Electrifying cargo vans and other logistics vehicles is still a practice in its nascent stages. We've seen some early electric vans from various automakers, some still in concept form, but OEMs are slowly picking up the pace and shoving batteries in their larger offerings. The latest to join this group? Fiat.
Fiat on Monday unveiled the Ducato Electric. Fiat's full-size cargo van has been given a battery-electric powertrain that should keep emissions low without, hopefully, infringing too much on what a van does best -- moving stuff. This van is the real deal, carrying a 2020 model year with an intent to go on sale in Europe in 2020.
While Fiat did not say how big its batteries are, it did say that the Ducato Electric will offer multiple battery options, with NEDC-estimated ranges between 136 and 223 miles. Its electric motor has a maximum output of 121 horsepower and 270 pound-feet of torque. The vehicle is limited to 62 miles per hour in order to "optimize energy use," the automaker said in a statement. Capacities range from 353 to 600 cubic feet, and it can handle up to 4,300 pounds of payload.
The Fiat Ducato might look familiar to you, and that's because Fiat Chrysler brought it to the US under the Ram ProMaster name. In an email, a Fiat Chrysler spokesperson said that the company has not announced any future electrification plans for the Ram ProMaster, but it's unlikely that the current form of Ducato Electric would take hold in the US like FCA hopes it will in Europe. The speed limiter would be trouble on America's large, fast highway system, and the range leaves a bit to be desired for rural and suburban users. We'll just have to wait and see if FCA's electrification strategy includes some of its US counterparts.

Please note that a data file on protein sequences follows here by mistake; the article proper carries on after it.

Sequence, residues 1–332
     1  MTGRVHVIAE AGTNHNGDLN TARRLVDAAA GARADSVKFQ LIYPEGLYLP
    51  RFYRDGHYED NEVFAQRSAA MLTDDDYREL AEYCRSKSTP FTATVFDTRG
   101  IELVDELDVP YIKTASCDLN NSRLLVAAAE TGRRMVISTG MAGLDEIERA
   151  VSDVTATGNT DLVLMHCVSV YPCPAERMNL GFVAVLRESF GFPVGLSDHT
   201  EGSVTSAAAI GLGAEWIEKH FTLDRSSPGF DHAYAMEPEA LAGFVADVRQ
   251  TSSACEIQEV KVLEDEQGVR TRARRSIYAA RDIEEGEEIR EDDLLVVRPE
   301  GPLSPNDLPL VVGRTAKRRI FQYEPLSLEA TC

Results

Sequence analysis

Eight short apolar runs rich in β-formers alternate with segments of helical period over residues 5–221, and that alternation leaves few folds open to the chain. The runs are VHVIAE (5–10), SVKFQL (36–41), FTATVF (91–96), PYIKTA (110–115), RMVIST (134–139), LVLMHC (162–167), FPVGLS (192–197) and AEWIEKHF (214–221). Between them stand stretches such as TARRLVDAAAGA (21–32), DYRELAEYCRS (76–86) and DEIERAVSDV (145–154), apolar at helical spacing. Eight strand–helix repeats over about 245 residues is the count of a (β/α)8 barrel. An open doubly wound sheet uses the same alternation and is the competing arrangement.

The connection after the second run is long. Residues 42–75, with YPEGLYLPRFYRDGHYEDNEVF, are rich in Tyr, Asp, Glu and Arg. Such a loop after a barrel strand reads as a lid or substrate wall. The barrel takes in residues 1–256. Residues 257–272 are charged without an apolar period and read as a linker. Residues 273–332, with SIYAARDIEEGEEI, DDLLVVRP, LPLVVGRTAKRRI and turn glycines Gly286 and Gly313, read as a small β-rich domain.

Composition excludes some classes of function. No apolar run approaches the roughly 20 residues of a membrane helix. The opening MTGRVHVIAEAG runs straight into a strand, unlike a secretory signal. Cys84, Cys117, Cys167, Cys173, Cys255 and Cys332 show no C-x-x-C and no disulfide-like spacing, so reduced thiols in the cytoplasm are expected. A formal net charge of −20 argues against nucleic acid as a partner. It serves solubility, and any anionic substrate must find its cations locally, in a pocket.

Electric vans unveiled thus far have ranged from fantasy to reality. On the former side, there's the, a work-friendly version of the electric microbus expected to launch in 2021. In terms of things that are real but still a little way away, wrapped up its cold-weather testing earlier this year. In Germany, Ford teamed up with Deutsche Post's StreetScooter to create the .